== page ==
After single He 59s were forced to land on the sea by RAF fighters, on 01 and 09 July respectively, a controversial order was issued to the RAF on 13 July; this stated that from 20 July, Seenotdienst aircraft were to be shot down. One of the reasons given by Churchill was:
We did not recognise this means of rescuing enemy pilots so they could come and bomb our civil population again … all German air ambulances were forced down or shot down by our fighters on definite orders approved by the War Cabinet.
The British also believed that their crews would report on convoys, the Air Ministry issuing a communiqué to the German government on 14 July that Britain was
unable, however, to grant immunity to such aircraft flying over areas in which operations are in progress on land or at sea, or approaching British or Allied territory, or territory in British occupation, or British or Allied ships. Ambulance aircraft which do not comply with the above will do so at their own risk and peril.
The white He 59s were soon repainted in camouflage colours and armed with defensive machine guns. Although another four He 59s were shot down by RAF aircraft, the Seenotdienst continued to pick up downed Luftwaffe and Allied aircrew throughout the battle, earning praise from Adolf Galland for their bravery.
The Dowding System
During early tests of the Chain Home system, the slow flow of information from the CH radars and observers to the aircraft often caused them to miss their “bandits”. The solution, today known as the “Dowding system”, was to create a set of reporting chains to move information from the various observation points to the pilots in their fighters. It was named after its chief architect, “Stuffy” Dowding.
Reports from CH radars and the Observer Corps were sent directly to Fighter Command Headquarters (FCHQ) at Bentley Priory where they were “filtered” to combine multiple reports of the same formations into single tracks. Telephone operators would then forward only the information of interest to the Group headquarters, where the map would be re-created. This process was repeated to produce another version of the map at the Sector level, covering a much smaller area. Looking over their maps, Group level commanders could select squadrons to attack particular targets. From that point the Sector operators would give commands to the fighters to arrange an interception, as well as return them to base. Sector stations also controlled the anti-aircraft batteries in their area; an army officer sat beside each fighter controller and directed the gun crews when to open and cease fire.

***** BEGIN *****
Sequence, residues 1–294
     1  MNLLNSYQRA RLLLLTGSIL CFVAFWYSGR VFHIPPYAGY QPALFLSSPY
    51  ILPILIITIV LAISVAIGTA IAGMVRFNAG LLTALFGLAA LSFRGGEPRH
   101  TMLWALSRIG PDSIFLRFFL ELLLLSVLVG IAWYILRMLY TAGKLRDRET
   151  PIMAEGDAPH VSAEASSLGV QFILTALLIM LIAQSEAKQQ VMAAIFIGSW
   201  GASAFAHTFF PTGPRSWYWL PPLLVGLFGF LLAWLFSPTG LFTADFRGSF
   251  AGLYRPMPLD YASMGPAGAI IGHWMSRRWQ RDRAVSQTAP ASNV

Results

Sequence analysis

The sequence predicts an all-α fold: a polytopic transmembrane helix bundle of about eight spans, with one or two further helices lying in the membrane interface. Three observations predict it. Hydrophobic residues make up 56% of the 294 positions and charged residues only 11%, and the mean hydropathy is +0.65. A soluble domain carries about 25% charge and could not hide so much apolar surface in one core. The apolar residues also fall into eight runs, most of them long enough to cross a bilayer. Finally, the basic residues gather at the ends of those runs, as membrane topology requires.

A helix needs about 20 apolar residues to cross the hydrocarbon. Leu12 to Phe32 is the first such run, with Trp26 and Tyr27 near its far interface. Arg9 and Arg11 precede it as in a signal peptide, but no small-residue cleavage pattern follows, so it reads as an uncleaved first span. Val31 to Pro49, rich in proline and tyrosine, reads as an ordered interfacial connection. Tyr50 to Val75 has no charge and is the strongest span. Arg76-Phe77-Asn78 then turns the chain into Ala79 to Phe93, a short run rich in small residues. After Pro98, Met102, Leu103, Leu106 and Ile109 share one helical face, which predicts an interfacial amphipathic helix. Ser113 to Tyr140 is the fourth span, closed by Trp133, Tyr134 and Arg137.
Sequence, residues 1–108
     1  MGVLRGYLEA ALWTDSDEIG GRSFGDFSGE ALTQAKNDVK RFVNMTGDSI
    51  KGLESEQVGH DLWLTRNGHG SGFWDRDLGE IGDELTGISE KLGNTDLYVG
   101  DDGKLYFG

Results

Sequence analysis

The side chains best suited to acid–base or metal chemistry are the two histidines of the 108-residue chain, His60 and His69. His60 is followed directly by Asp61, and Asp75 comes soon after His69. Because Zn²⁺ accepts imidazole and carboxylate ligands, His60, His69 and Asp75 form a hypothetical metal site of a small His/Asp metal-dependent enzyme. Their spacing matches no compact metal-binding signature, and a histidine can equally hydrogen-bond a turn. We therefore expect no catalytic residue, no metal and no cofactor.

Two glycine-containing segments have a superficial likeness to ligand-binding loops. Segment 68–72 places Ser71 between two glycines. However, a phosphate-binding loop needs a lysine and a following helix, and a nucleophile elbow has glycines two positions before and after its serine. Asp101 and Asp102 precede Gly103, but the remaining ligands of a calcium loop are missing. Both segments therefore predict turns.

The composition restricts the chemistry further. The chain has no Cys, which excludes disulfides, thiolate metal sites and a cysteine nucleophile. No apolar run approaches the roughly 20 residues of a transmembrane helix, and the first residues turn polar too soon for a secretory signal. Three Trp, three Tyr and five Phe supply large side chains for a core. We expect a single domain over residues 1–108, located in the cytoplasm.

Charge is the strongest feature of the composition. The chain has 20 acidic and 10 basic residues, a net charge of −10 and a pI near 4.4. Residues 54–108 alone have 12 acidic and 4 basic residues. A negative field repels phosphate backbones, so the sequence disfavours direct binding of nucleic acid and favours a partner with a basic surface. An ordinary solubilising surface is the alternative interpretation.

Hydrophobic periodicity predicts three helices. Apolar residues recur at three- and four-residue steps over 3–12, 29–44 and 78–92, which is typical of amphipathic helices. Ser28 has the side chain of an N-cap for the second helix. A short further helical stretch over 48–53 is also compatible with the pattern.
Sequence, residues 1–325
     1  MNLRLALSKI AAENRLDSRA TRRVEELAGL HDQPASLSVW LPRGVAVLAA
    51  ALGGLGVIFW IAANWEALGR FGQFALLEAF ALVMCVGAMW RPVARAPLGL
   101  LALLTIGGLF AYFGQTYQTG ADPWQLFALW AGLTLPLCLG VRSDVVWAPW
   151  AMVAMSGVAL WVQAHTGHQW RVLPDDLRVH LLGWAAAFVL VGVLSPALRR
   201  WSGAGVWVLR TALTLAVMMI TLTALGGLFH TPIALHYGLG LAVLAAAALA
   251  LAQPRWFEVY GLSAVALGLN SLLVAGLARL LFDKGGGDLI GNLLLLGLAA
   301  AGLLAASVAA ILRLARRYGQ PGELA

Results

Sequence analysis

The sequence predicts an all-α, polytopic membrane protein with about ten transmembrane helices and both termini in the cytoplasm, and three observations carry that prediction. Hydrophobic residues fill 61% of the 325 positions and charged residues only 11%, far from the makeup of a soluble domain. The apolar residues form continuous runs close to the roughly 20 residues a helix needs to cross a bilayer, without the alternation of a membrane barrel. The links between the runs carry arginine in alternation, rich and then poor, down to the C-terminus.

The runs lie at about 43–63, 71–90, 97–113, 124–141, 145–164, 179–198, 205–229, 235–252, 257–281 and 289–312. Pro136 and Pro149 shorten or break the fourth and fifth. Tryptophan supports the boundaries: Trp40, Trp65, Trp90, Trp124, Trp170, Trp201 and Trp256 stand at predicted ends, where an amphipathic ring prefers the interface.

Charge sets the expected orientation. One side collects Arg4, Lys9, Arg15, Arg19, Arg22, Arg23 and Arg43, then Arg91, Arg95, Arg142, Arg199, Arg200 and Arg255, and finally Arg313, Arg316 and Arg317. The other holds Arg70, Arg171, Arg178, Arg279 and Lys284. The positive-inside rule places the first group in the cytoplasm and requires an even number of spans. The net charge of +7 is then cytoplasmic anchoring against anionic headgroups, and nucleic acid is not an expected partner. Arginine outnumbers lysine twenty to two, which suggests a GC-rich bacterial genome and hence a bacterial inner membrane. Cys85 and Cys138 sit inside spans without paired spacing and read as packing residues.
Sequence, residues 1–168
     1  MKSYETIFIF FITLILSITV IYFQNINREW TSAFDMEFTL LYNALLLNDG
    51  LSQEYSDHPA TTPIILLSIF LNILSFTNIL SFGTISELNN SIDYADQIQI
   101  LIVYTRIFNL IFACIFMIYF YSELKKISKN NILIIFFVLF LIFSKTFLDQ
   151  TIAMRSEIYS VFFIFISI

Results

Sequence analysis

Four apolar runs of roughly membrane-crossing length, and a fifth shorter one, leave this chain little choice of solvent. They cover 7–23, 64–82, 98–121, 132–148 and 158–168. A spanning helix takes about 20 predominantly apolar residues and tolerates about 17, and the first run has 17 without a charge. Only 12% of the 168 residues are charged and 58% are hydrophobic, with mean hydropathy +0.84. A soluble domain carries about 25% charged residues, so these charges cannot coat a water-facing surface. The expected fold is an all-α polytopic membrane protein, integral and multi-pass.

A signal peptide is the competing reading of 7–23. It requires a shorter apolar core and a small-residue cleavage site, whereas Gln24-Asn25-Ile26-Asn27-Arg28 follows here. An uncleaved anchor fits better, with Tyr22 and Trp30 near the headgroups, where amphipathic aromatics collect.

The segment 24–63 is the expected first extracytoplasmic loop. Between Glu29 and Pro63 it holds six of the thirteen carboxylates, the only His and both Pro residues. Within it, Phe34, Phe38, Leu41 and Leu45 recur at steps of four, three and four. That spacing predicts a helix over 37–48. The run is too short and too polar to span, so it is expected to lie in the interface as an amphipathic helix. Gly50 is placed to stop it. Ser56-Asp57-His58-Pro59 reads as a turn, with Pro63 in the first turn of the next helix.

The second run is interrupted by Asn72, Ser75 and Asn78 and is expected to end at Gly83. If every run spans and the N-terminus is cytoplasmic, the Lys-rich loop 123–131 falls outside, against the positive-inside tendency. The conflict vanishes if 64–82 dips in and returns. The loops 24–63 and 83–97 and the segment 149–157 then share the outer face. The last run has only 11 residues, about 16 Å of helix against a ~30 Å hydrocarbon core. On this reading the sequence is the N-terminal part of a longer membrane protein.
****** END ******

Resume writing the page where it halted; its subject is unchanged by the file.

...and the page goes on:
The Dowding system dramatically improved the speed and accuracy of the information that flowed to the pilots. During the early war period it was expected that an average interception mission might have a 30% chance of ever seeing their target. During the battle, the Dowding system maintained an average rate over 75%, with several examples of 100% rates – every fighter dispatched found and intercepted its target. In contrast, Luftwaffe fighters attempting to intercept raids had to randomly seek their targets and often returned home having never seen enemy aircraft. The result is what is now known as an example of “force multiplication”; RAF fighters were as effective as two or more Luftwaffe fighters, greatly offsetting, or overturning, the disparity in actual numbers.
While Luftwaffe intelligence reports underestimated British fighter forces and aircraft production, the British intelligence estimates went the other way: they overestimated German aircraft production, numbers and range of aircraft available, and numbers of Luftwaffe pilots. In action, the Luftwaffe believed from their pilot claims and the impression given by aerial reconnaissance that the RAF was close to defeat, and the British made strenuous efforts to overcome the perceived advantages held by their opponents.
It is unclear how much the British intercepts of the Enigma cipher, used for high-security German radio communications, affected the battle. Ultra, the information obtained from Enigma intercepts, gave the highest echelons of the British command a view of German intentions. According to F.W. Winterbotham, who was the senior Air Staff representative in the Secret Intelligence Service, Ultra helped establish the strength and composition of the Luftwaffe’s formations, the aims of the commanders and provided early warning of some raids. In early August it was decided that a small unit would be set up at FCHQ, which would process the flow of information from Bletchley and provide Dowding only with the most essential Ultra material; thus the Air Ministry did not have to send a continual flow of information to FCHQ, preserving secrecy, and Dowding was not inundated with non-essential information. Keith Park and his controllers were also told about Ultra. In a further attempt to camouflage the existence of Ultra, Dowding created a unit named No. 421 (Reconnaissance) Flight RAF. This unit (which later became No. 91 Squadron RAF), was equipped with Hurricanes and Spitfires and sent out aircraft to search for and report Luftwaffe formations approaching England. In addition, the radio listening service (known as Y Service), monitoring the patterns of Luftwaffe radio traffic contributed considerably to the early warning of raids.